Monthly Archives: February 2014

Genes, Reproduction, and Mendelian Inheritance

The concept of evolution is rather controversial in certain circles, and I am not here to argue over what it means to be a “theory” or any of the other random pieces of that controversy. Instead, I intend to introduce a few core biological concepts which people associate with evolution, but which are less controversial on their own. We’ll work our way to the truth.

First concept: living beings have genes. Genes are not some magical thing; a gene is just a particular sequence of chemicals with certain characteristics. If you’ve read the blog this far you understand my position on empiricism and the scientific method. Suffice to say that the existence of genes is pretty solid given those foundations; there is trivial, indisputable evidence that these chemical chains exist in all living things.

Second concept: genes get passed on to our offspring. The mechanics of this are neat but not really interesting. In humans, each parent gives their child a copy of half their genes, so the child ends up with a full set. As with the existence of genes themselves, this isn’t really controversial; plenty of reproducible studies have demonstrated this fact.

Third concept: certain genes are correlated with certain properties in living things. For example, we have identified the particular gene that is common to most people with blue eyes (this one). The statistical evidence here is, again, overwhelming.

These three ideas together express what is typically called Mendelian Inheritance, after its discoverer Gregor Mendel. This simply states that, if your parents both have blue eyes, then there’s a pretty good chance (though not a guarantee) that you’ll end up with blue eyes yourself, since they give their genes to you. This isn’t controversial at all: red hair, blue eyes, and other similar characteristics all obviously run in families. This is why.

Roadmap #3: Practical Worldbuilding

Alright, well we’ve now got a solid philosophical base to build on. We’ve also covered the basics of systems theory, which you should expect to basically keep popping up in unexpected places as we continue.

Our next series of topics will be a grab bag of different ideas; some scientific, some mathematical. This is where we can start applying our base to examine actual interesting questions (like the nature of consciousness) and come to some fascinating conclusions. I’ve called this section “Practical Worldbuilding” because it constructs the world at a more practical level than we’ve looked at before, but really a lot of the topics involve human behaviour in one way or another. The topics I plan to touch on include:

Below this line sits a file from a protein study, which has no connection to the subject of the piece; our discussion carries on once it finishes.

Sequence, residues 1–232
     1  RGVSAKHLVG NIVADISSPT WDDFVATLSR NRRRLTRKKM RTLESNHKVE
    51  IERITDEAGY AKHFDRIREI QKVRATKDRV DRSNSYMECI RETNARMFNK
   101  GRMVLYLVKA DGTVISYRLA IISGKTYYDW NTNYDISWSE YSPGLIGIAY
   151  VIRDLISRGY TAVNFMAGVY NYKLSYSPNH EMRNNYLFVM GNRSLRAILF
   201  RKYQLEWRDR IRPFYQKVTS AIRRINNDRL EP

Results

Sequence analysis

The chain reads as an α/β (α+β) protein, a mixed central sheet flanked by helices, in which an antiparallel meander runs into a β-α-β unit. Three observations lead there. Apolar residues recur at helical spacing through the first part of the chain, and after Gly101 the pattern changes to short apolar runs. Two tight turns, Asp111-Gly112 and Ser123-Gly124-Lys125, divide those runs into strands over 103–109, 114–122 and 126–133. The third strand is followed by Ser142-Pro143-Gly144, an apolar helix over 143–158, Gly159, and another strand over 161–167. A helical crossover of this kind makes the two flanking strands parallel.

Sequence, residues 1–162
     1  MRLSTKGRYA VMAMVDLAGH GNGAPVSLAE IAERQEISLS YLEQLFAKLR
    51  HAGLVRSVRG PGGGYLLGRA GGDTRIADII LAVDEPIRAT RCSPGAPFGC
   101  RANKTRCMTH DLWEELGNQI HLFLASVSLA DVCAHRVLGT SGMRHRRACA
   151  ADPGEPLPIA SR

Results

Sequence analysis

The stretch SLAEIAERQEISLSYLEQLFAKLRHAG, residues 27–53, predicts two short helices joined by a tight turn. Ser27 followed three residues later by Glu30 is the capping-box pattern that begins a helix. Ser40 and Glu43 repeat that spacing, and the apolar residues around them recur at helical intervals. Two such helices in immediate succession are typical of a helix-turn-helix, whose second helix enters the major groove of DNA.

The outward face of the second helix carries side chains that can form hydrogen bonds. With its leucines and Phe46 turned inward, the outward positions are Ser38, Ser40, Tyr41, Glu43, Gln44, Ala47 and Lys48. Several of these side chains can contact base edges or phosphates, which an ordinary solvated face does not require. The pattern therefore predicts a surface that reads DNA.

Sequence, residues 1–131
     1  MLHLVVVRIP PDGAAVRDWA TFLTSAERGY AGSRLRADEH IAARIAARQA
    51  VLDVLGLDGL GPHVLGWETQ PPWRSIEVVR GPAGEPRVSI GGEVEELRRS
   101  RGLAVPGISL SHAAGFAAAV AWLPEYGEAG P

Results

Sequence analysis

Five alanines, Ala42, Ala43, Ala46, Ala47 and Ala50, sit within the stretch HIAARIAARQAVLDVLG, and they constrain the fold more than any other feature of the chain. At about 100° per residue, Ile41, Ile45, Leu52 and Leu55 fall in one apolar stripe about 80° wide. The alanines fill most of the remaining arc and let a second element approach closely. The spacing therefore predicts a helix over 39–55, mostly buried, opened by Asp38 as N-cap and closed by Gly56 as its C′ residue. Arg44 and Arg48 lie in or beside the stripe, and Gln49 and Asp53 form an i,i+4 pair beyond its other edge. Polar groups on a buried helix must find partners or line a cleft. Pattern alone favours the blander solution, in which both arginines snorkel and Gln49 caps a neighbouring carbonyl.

• Genes, Reproduction, and Mendelian Inheritance
  • Random Variation and Natural Selection
  • Stable Strategies, Lethal Genes, and Time Bombs
  • Diversity, Competition, and Change
  • The Selfish Gene
  • The Nature of the Brain
  • The Nature of the Mind
  • Matching Patterns
  • Layers of Abstractions
  • Culture, Memetics, and Lamarkian Inheritance
  • Speedy Variation and Double Pressure
  • Reapplications of Genetic Principles
  • Social Negotiation
  • Game Theory
  • Statistics and Decision-Making
  • Homo Economicus
  • Conflict and Cooperation

As you can see, lots to cover. Allons-y!

Reality as a System

(Note: my roadmap originally had planned a post on Gödel’s Incompleteness Theorems, but that’s not going to happen. It’s a fascinating topic with some interesting applications, but it’s even more mathematically dense than a lot of my other stuff, and isn’t strictly necessary, so I’m skipping it, for now. Maybe I’ll come back to it later. Read the wiki page if you’re interested.)

This post marks the final cherry on top of this whole series on systems theory, and the part where we finally get to make practical philosophical use of the whole abstract structure we’ve been building up. I’ve telegraphed the whole thing in the roadmap, and the thesis is in the title, so let’s just dive right in: reality is a system. It’s layed out almost already right there in axioms #3 and #5.

We can also tie this in with our definitions of truth and knowledge. If the absolute underlying reality of what is (forming absolute truth) is a system, then the relative truth that we regularly refer to as “truth” is just a set of abstractions layered on top of the underlying reality.

Dogs and cats and chairs and tables are just abstractions on top of molecules. Molecules are just an abstraction on top of atoms. Atoms, on top of protons, electrons, and neutrons. Protons and neutrons on top of quarks and other fundamental particles I don’t understand. The absolute true underlying system is, in this view, not possible to know. In fact, since we as persons are inside the system (we can in fact be seen as subsystems of it), then we literally cannot model the entire thing with complete fidelity. It is fundamentally impossible. The best we can do is to model an abstraction within the bounds of the entropy of the system. This is in some distant sense a restatement of the circular trap.